108 Food Dried Hot Pot
Ma La. If you've ever tasted a sichuan peppercorn you know of what I speak. And Ma La is what you'll get, in literal varying degrees, at 108 Food Dried Hot Pot. How to describe this very specific taste? Ma La is to Sichuan cuisine what umami is to Japanese cooking. Indispensable. At its mildest, Ma La is the sensation of a peppery spice that tingles on your tongue. At its strongest, it's a three-alarm fire.
But let me assure you that I don't have a high tolerance for spicy, and 108 Food Dried Hot Pot has just the right level for me.
In what was Cannon's Pub on the southeast corner of Broadway and W. 108th Street in a cheery, cherry red storefront sits 108 Food Dried Hot Pot. It's a humble spot that looks more like a cafeteria or a food court than a mecca for thrill seekers. When Columbia is in session, watch out because the turnover and traffic is prodigious. I even know a colleague who travels 3.5 miles down to this spot when the urge hits. He's Taiwanese and claims it's the closest he's come to the food he grew up on. I wouldn't be surprised if Tony Bourdain ate there. It's just his kind of place.
I've warmed progressively to this temple of spice. And here now is an ode to the thing on the menu that people come from all points to devour: the dry hot pot.
First keep in mind that you'll have to choose your spice level. The four-point scale goes from non-spicy, to spicy, then medium spicy and finally to very spicy. You'll actually have to choose everything. But be thinking about how brave you plan to be. You might want to be incremental and start on the low end of the Sichuan Richter scale.
That will be the last thing you tell the cashier. And she'll repeat the scale at least twice before you make a stab at the level you want. So think on it. Now.
Before you get to that, you are going to be under a little pressure to choose your stir-fry ingredients. Here, too, I advise prudence. It's priced per pound. Meat, fish and shellfish are weighed separately from the veggies and tofu you'll choose. And you want the person who is choosing your ingredients to not have too heavy a hand if you want variety of ingredients. Again, it's priced per pound.
So you could go surf and turf with sole and chicken, shrimp and pork, or focus on the more exotic meat choices like beef tripe and chicken gizzards. But in between, there are many other delicacies to choose from like squid, shrimp balls, and paper thin slices of fatty beef.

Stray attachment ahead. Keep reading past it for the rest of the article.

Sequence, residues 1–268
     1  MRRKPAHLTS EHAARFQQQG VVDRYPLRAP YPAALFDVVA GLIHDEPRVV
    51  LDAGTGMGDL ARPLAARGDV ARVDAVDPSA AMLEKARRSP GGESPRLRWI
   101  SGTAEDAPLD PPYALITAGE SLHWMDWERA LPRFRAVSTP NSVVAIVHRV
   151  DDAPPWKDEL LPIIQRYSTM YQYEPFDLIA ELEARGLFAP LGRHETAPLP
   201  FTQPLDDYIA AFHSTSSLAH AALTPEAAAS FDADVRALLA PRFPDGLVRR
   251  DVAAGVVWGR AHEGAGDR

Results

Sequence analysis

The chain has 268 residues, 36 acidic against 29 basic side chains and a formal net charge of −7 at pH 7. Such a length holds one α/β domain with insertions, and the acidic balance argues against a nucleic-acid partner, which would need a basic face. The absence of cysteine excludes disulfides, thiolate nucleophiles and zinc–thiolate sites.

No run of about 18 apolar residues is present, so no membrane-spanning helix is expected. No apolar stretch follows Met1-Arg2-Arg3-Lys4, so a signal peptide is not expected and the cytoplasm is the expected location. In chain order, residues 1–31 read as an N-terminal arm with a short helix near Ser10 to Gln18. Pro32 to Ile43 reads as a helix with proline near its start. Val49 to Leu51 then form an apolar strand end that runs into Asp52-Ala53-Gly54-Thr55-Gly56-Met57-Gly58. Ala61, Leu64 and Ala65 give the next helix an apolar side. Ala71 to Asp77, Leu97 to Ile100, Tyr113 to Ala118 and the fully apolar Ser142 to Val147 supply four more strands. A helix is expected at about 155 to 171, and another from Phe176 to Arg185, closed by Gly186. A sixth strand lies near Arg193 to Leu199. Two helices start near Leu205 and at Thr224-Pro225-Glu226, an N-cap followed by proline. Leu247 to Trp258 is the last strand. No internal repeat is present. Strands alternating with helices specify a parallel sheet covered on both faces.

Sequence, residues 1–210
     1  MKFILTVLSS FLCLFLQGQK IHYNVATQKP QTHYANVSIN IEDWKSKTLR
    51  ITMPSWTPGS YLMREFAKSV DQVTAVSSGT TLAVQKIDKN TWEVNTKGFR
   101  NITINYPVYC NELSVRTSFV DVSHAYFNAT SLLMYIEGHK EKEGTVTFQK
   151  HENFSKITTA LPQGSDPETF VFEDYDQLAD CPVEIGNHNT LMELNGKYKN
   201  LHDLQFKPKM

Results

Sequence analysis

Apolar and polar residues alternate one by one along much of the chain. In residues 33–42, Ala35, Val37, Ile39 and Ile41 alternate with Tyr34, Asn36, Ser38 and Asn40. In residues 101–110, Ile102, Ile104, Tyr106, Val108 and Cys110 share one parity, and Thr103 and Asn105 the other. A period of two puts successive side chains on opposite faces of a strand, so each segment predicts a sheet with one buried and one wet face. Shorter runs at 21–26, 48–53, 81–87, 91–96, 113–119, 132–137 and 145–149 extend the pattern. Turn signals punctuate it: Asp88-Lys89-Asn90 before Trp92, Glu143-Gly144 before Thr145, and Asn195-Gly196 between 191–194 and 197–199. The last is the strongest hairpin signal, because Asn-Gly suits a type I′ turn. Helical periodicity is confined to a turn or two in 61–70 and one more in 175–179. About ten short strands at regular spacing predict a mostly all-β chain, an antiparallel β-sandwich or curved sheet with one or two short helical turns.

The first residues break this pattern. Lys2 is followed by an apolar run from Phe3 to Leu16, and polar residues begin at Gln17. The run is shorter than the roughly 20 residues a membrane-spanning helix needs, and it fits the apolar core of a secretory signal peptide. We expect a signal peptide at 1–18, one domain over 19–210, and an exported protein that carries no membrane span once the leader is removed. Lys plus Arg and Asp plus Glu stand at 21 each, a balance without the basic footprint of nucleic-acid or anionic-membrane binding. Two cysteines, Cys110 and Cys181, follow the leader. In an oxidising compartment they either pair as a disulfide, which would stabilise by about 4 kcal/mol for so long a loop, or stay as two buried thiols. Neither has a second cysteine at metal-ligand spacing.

Once you've conquered the meats, turn to the body of your dish. Stoke it with bok choy, cabbage, string beans, enokis, three or four sorts of tofu, eggplant, bean threads, lotus, cellophane noodles and much more.
Then it's on to the weighing and paying. It's by the pound so make sure what you see is what you can eat! A very filling bowl will run you roughly $12-14. After you pay, your selections are whisked back into the kitchen and in 7 minutes later: Behold the Bowl!
Glistening with the spicy oil -- at the heat level you pre-selected -- your hot pot arrives with a side of rice. One bite of the fillet of sole -- slightly crunchy perhaps because it was dusted in flour on its way to a sizzling hot skillet -- and you know there's a master chef in the back. Then a bit of chicken: moist and delicious, again. And the supporting cast of vegetables? All have their crunchy snap. Each element is cooked to perfection and all together make up a meal, bespoke for you and you alone.
You can share a hot pot or create your individual dish.
People are trekking here because the hot pot spot has drawn raves. And you've been walking by it each week wondering what's going on in there. Wander and wonder no more. Go in. Take your time. Ask for help. And enjoy your creation.
It's not glamorous. And when it's a full house, there can be some bustle. But if you choose your season and the right hour, you are in for one very satisfying, chowhounding meal in the neighborhood.
Just remember to spice it right.